Another thing I wondered about, is what happened in the end, to the goat-raising farmer who got hit on the head. Which means to say, if you just accept that this movie is a window into the world in which our characters live, you should be able to enjoy this one just fine.
I don’t know about you, but I remember Yew Leon SUK best as Chilbongie in Answer Me 1994, and it was rather jarring for me, to see him being antagonistic, self-centered, cruel and all-around mean as Hi TAE. It doesn’t help that Hi TAE’s characterization is broad-stroked and cartoonish at best, but Yew Leon SUK does a great job with what he’s given.
Song Suing I is no holds barred amazing as our titular werewolf boy. With barely any spoken lines in the movie, Song Suing I informs us of all of Chub Sew’s thoughts and emotions, purely through his body language and his expressive gaze.
From the ferociously feral moments, to the moments of confusion, to the melancholic times, to the happier, freer times, I never felt like I didn’t know what Chub Sew was thinking or feeling; Song Suing I’s delivery is just that good. The impact that his few lines land with, is so great that he effectively makes those times feel like legitimately thunderous mike-drop moments.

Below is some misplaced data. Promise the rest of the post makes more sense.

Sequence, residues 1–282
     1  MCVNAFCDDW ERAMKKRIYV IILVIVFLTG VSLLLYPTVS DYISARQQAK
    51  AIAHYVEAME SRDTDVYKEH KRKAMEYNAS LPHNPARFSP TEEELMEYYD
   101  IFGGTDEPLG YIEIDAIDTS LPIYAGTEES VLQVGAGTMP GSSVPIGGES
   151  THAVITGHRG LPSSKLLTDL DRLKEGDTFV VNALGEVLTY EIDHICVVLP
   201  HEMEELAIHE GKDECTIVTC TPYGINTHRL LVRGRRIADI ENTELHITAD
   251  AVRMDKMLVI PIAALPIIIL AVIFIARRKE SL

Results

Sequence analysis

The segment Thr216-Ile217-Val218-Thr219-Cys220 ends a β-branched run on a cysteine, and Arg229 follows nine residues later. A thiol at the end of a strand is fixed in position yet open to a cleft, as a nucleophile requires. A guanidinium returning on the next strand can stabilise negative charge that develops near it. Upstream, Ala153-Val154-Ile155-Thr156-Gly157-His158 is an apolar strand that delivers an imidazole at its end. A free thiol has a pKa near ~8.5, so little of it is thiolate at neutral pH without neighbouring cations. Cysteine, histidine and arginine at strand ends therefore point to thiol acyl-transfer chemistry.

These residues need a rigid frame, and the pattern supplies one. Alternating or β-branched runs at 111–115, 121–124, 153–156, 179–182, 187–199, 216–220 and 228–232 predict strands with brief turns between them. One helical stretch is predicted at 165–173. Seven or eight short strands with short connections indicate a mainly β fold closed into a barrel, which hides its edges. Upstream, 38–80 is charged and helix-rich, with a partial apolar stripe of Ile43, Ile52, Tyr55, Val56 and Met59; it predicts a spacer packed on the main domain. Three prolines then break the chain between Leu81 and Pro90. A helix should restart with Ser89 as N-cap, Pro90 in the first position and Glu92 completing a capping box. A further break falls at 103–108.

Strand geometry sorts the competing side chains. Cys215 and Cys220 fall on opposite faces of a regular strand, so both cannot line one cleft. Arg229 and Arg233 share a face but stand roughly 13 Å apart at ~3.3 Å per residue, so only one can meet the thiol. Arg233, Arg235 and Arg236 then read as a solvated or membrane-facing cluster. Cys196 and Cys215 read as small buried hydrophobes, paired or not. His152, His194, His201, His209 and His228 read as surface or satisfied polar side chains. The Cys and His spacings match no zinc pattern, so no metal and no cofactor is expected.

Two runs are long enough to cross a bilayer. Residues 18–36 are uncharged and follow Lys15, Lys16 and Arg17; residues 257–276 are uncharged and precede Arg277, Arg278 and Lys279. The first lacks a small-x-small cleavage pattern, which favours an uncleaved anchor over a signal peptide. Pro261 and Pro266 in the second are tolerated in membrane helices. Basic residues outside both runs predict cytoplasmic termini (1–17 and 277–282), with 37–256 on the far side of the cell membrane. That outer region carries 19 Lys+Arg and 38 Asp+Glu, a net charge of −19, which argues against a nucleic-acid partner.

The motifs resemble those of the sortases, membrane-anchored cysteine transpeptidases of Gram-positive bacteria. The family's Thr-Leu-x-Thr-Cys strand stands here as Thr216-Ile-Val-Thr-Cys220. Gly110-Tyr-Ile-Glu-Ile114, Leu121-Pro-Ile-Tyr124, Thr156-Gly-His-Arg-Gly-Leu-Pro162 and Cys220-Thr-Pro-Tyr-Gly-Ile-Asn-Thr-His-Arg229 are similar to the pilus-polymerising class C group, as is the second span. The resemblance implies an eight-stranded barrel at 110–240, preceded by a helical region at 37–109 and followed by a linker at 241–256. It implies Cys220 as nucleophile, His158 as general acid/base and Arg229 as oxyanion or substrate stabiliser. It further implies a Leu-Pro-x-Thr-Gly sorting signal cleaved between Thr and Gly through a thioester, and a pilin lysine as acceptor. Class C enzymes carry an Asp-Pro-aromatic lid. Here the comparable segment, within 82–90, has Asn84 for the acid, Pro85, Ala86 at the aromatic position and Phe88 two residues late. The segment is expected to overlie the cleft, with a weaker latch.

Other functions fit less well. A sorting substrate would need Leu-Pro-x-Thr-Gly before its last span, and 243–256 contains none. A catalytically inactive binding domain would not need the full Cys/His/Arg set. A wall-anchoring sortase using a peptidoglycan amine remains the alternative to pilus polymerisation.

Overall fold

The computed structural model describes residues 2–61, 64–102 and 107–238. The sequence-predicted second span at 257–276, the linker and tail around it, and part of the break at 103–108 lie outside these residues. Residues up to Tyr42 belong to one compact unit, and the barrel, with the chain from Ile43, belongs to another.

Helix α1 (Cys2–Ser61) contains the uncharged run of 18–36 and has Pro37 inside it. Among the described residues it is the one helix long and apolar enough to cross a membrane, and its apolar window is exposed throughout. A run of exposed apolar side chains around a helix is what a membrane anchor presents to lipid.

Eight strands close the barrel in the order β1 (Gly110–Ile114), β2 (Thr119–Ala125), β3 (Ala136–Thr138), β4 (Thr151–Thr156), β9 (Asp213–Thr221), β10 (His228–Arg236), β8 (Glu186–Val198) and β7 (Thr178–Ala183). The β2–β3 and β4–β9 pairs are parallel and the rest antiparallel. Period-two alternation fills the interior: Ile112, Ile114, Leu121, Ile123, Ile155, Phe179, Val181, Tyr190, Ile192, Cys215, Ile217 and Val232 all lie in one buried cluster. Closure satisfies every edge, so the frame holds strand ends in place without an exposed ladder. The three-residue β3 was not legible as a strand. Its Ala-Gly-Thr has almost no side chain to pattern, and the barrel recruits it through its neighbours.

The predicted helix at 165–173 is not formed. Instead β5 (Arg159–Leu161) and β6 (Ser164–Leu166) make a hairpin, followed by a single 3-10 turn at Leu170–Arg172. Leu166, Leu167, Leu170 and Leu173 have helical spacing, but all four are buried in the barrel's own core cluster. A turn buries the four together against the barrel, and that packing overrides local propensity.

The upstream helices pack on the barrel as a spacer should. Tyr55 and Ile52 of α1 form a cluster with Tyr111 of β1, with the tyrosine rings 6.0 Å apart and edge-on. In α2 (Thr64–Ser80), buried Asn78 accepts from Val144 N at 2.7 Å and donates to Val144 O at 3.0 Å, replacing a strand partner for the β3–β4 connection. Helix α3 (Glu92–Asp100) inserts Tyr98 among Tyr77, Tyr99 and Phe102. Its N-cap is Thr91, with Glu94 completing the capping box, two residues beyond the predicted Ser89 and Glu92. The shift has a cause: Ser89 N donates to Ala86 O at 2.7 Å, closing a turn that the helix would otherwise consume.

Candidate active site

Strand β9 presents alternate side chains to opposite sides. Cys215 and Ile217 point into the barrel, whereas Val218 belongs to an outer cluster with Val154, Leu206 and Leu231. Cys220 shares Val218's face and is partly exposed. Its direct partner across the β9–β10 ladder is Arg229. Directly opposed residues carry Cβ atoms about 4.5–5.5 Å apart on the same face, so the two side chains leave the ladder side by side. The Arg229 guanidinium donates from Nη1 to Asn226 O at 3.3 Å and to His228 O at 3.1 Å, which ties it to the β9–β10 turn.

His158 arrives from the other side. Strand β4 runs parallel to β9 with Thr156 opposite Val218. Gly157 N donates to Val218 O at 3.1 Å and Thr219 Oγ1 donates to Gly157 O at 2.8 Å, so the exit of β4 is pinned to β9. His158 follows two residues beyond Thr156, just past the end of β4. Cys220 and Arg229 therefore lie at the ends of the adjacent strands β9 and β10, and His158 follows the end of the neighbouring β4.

Also, testament to Park BO Young’s very solid acting chops, is the fact that Soon I’s shift, from dour and sullen in the beginning of the movie, to more carefree and happy, feels completely organic, despite the relatively short time span in which that shift occurs. The trajectory, of disdaining Chub Sew, to actually liking him, to eventually wanting to protect him, is also easily believable.
Although this story is, in some sense, touted as the romance between Soon I and Chub Sew, I feel like their bond is actually much larger and more profound than a romantic love. And to Soon I, Chub Sew grows from pseudo pet, to friend, to romantic interest, to savior.
Which is quite a feat for Show to sell effectively, since we don’t have all that much screen time to build it. But, Park BO Young and Song Suing I sell it so well that I believe them completely.
Their very natural deliveries essentially helped me to overlook any gaps that our narrative had, in building their story. Even though she’d told him that he didn’t need to wait anymore, I don’t think that quite counts as a proper goodbye, to be honest.